Individuals are willing to make great sacrifices to pay for their cancer treatment.
Cancer care does not come cheap. Although insurance coverage, Medicare and Medicaid cover some expenses, many patients must still dig deep into their own pockets, creating financial strain.
Now a study reveals just how much individuals would give up to meet those bills. Nearly half of patients surveyed were willing to declare bankruptcy, and more than a third said they would sell their home, according to a study conducted by researchers from Duke University Medical Center, Duke Cancer Institute and Massachusetts General Hospital Cancer Center.
“Being willing to sell their home was really shocking, because you think that’s a big sacrifice that not only affects (an individual) but also (their) potential spouse and children,” said Fumiko Chino, M.D., a radiation oncologist at Duke and author on the study.
The research team examined financial distress among insured adults who had solid tumors and were receiving chemotherapy or hormonal therapy for a month or longer.
Initially, the study included 300 patients; 245 participated in a three-month follow-up survey. Questions addressed financial distress, out-of-pocket costs, expected financial burden, and willingness to pay for treatment and to sacrifice for it.
Most patients (76 percent) had stage 4 disease, and the median age was 60. Median annual income was $60,000, and median monthly out-of-pocket cancer-related expenses were $393 (ranging from $0 to $26,586), dropping to $328 (from $0 to $8,210) at follow-up.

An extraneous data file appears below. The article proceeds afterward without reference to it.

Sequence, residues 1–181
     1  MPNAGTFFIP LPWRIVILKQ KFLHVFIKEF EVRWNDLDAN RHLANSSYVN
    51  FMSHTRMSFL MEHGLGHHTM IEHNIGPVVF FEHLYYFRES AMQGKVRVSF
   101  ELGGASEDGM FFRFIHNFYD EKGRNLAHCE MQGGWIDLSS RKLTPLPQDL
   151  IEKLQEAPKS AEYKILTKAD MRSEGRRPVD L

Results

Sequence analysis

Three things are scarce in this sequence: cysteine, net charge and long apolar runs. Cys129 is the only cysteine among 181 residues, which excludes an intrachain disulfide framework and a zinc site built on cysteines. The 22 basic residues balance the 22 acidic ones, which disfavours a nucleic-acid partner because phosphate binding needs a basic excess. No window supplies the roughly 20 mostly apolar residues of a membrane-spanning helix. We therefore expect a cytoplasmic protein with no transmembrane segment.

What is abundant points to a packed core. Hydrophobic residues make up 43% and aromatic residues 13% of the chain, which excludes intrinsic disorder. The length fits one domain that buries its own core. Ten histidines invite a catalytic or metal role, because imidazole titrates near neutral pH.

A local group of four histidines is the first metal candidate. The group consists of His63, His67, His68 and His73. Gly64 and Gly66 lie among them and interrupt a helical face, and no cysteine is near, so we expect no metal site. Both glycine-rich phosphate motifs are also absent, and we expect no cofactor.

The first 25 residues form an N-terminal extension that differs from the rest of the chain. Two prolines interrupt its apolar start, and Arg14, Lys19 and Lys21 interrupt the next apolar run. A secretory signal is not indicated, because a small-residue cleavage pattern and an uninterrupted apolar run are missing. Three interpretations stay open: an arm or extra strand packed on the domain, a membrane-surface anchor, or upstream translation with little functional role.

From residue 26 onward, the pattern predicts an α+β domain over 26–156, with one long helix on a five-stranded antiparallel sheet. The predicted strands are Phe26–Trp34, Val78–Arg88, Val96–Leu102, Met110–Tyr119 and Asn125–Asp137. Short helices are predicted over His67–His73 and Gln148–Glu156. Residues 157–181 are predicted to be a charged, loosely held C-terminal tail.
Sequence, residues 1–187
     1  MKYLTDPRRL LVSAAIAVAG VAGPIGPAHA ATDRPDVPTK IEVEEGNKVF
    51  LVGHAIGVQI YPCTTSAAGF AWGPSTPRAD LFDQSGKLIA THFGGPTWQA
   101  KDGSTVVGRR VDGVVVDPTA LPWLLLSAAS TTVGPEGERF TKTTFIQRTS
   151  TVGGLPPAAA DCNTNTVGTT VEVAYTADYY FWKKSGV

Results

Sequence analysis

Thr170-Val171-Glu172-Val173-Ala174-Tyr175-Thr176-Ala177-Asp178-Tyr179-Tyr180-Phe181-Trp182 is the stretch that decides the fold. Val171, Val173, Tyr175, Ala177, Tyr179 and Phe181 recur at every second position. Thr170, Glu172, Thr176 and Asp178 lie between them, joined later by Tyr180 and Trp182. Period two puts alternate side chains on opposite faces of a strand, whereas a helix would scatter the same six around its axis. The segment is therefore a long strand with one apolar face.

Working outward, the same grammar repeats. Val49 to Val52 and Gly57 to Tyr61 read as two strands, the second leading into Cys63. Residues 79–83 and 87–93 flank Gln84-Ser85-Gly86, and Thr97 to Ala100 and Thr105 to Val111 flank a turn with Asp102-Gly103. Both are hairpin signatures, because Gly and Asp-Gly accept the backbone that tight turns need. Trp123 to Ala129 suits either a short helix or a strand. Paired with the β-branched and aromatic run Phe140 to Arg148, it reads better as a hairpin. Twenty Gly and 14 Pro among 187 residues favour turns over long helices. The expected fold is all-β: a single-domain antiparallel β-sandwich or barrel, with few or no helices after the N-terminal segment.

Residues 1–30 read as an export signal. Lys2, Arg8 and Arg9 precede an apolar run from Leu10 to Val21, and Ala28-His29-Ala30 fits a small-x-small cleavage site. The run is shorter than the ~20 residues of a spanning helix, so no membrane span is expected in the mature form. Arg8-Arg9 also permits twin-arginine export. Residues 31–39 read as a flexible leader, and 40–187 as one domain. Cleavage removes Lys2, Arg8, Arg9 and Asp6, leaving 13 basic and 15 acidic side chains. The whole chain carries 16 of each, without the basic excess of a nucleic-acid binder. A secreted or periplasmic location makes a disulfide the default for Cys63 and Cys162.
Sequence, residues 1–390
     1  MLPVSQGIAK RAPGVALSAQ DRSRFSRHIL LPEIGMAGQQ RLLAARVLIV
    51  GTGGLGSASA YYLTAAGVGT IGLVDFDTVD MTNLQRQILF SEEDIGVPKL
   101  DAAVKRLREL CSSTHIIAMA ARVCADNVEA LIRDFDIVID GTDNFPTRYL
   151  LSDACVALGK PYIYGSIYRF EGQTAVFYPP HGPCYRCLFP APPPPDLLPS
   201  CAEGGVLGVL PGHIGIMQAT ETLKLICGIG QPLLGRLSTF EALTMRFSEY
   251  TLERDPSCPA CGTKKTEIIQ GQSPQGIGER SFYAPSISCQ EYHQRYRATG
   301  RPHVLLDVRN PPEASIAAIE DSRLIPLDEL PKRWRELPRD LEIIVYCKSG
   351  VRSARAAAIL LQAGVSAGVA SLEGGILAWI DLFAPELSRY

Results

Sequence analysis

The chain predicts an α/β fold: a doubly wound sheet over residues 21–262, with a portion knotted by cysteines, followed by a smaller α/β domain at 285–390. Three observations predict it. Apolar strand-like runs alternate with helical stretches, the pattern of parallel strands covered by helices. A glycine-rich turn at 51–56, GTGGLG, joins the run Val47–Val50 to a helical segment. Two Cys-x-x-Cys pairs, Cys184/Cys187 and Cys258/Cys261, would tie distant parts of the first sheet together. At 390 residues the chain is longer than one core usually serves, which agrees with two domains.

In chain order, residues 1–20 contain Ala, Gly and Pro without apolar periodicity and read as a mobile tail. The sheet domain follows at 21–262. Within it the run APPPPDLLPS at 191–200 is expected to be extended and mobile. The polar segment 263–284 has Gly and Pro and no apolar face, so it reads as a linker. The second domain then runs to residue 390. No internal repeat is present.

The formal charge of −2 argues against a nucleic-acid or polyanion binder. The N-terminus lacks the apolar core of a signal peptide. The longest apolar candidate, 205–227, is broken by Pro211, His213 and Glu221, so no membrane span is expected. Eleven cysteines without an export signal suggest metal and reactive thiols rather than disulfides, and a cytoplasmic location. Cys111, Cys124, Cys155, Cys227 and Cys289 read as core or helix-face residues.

Also at follow-up, 30 percent of patients stopped receiving active treatment, and 8 percent (19) reported changes to their insurance.
The results revealed that many patients were prepared to make considerable sacrifices. At least 65 percent were willing to spend less on vacations and basic needs and borrow money, 49 percent would declare bankruptcy, and 38 percent would sell their homes.
That attitude toward personal sacrifice persisted at follow-up. However, fewer participants were OK with declaring personal bankruptcy than at the start (49 percent versus 42 percent).
“If people are first on in their treatment, they maybe had different expectations, but as they settled into their treatment, they become more realistic,” Chino said. “(At follow-up), we see a small decline of people’s willingness to sacrifice. I think that maybe points to another aspect that needs to be addressed in terms of shared decision-making and patient and provider communication.”
Financial concerns vary among individuals, Chino noted. “I had one gentleman who was spending down his kid’s college savings, so he could be there for when his kid graduated (from) high school,” she said. “Other patients were living out of their cars because they had lost their home because of cancer costs.”
Although patients can turn to pharmaceutical companies and nonprofit organizations for financial assistance, Chino said she feels that more substantial resources and government regulations are needed. Normalizing the conversation could help, too: “Historically, patients are uncomfortable talking about their costs, and providers are uncomfortable, too. That’s two barriers on both sides of the conversation. I think some of it is education and awareness. Studies like ours open doors to talking about these issues.”
Chino plans to explore both individual tools for patients and systems-based tools, such as decision-making models, to move the research forward.
“We talk a lot in abstract concepts about how costs are important, but the first steps should be really to just ask patients what they want,” she said. “How do they feel about these sacrifices? The first step in the ultimate solution is to do an assessment of who is being affected the greatest, and those are patients with cancer.”